That there is nothing new under the sun is a kind of historical creed for those who look to the past. But the lessons of history should always act to illuminate human experience, not inhibit or constrain it. “If you spend a lot of time thinking about the political past,” Jon Meacham wrote, “you tend to see the events of the present time differently than you do if you are consumed by the passions of the hour.”
The danger with this kind of thinking is that the problems of the present become nothing more than the sum total of the past manifestations, which blind us to the vicissitude of the shifting political landscape. The past becomes a reciprocating morality play, in which the lessons from history are equally tailored to all of our present troubles of congressional gridlock and legislative failure. It is true, as Meacham asserts that the problem of governance is so historically ubiquitous that it is as old as the nation itself. But sometimes the “rhetoric of apocalypticism” that Meacham would shy away from does occasionally come true.
I do not mean to accuse Meacham of propagating this conflation of the past into a kind of flat land of political history. However, the past will not always define the present. Perhaps we can apply the past broadly, but these are unique circumstances that deserve unique answers.
The fact is that obstruction is on a record pace. Ezra Klein postulates that if cloture votes (a motion to end debate) continue on their present course and reach 300 by the end of the year, then the 2007-2010 total would equal all of the cloture votes seen in the period between 1919 and 1984. It is such a habit now that one bill which passed 95-5 was also filibustered.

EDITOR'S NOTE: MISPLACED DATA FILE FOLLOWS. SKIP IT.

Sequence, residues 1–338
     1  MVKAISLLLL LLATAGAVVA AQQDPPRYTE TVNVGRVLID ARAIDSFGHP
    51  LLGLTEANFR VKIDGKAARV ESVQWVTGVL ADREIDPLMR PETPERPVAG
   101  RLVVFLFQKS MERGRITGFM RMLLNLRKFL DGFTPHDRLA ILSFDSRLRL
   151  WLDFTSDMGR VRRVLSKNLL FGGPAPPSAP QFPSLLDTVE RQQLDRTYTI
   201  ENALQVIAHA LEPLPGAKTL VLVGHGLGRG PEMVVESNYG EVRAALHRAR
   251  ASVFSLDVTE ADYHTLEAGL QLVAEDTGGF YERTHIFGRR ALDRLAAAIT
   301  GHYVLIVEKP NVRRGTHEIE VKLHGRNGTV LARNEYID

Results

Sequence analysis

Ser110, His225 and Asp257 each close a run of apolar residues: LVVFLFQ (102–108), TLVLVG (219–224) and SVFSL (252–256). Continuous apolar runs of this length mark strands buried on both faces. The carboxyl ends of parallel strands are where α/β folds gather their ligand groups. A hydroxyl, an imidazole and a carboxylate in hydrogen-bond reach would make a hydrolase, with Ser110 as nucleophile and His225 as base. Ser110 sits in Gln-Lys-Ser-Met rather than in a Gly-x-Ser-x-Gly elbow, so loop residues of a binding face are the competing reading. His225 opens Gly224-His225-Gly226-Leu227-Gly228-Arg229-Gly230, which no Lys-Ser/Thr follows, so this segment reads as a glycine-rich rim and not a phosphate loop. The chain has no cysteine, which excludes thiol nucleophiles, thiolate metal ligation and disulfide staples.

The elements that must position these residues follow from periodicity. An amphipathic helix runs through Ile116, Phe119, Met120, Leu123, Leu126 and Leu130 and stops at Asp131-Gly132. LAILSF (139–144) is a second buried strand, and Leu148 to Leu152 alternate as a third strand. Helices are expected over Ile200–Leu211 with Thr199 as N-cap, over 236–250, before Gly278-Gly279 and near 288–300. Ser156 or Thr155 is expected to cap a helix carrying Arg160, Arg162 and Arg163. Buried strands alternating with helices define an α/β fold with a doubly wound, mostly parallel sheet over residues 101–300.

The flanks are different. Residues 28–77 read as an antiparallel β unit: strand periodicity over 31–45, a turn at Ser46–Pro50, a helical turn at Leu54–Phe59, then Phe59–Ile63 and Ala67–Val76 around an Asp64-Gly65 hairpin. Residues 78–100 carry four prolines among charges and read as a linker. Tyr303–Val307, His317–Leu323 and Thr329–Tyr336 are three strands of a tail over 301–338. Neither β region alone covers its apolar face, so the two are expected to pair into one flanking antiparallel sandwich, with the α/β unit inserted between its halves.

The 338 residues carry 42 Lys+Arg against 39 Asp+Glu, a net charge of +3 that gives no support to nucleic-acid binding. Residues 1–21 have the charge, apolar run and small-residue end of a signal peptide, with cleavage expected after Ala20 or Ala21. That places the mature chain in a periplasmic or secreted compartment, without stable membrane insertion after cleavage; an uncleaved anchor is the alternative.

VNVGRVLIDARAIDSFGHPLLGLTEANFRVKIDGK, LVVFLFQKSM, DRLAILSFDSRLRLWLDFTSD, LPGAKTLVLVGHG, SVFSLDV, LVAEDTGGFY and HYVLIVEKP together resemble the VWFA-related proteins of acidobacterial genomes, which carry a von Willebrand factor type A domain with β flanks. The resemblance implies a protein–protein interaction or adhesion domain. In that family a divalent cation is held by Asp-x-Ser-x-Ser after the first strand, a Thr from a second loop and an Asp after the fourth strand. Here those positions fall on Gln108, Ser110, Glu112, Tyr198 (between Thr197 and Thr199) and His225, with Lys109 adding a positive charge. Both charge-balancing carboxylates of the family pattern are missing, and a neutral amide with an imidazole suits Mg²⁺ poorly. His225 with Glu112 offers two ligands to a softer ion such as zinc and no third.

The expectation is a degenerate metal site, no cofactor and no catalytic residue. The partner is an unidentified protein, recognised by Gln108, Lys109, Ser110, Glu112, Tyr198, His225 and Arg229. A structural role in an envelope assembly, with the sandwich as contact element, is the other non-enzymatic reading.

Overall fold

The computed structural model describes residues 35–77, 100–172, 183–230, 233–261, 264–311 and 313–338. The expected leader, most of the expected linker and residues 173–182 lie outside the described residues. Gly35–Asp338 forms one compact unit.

This alone does not mean that the Senate is reaching a state of systematic paralysis, arrested and unable to perform even its most basic functions, but consider the fact that the government can add billions of dollars to the deficit via Medicare Part D but is straining against all practical limitations just to pass a sensible health care reform bill that has the potential to dramatically reduce the deficit over the coming decades, staving off whatever deficit induced wasteland that critics of the bill claim will come to pass. The inability to make the necessary changes is more than simply a state of mind. If this country is indeed more polarized than ever, then the government itself must change to deal with this new reality.
“Power is constantly sought through the use of means which render its effective use, once acquired, impossible,” Senator Evan Bayh said in a recent NY Times editorial. And what is the point of power if the eventual resolution is to cede that power back again once governance proves ineffective? The minority party, whether it is Democrats or Republicans, is never going to stop this active resistance to legislation as long as it produces the intended results of sweeping the majority power clean out of office every election cycle. This is the height of political cynicism in an age of profound political cynicism.
The short-sighted behavior – occurring throughout the most pivotal time when American must adapt in order to sustain – flouts transparency, which is necessary for a working government. The people should not be blunted from the full impact of legislation. If an idea is to fail, then let it fail on its own merits and not because compromises have made its effects esoteric and elusive.
Perhaps it can be argued that barriers should be high since far-reaching changes are difficult to overturn, but governments like the one in California are no better for it. A system that is quickly becoming congested needs to be nimble and adaptable and ready to deal with change, no matter which party is in office. Ezra Klein has been making the suggestion that we should lower the votes necessary to break the filibuster from 60 to 55, which is a healthy majority that doesn’t require a rare super majority, and allow the change to take effect several years from now so that the political makeup of the government is in question. Maybe if total partisanship was no longer needed to pass legislation, then obstruction would fall out of favor. It would make a good fight for Evan Bayh, if he would stick around and not retire. But even the effort to end such extreme polarization is itself polarizing.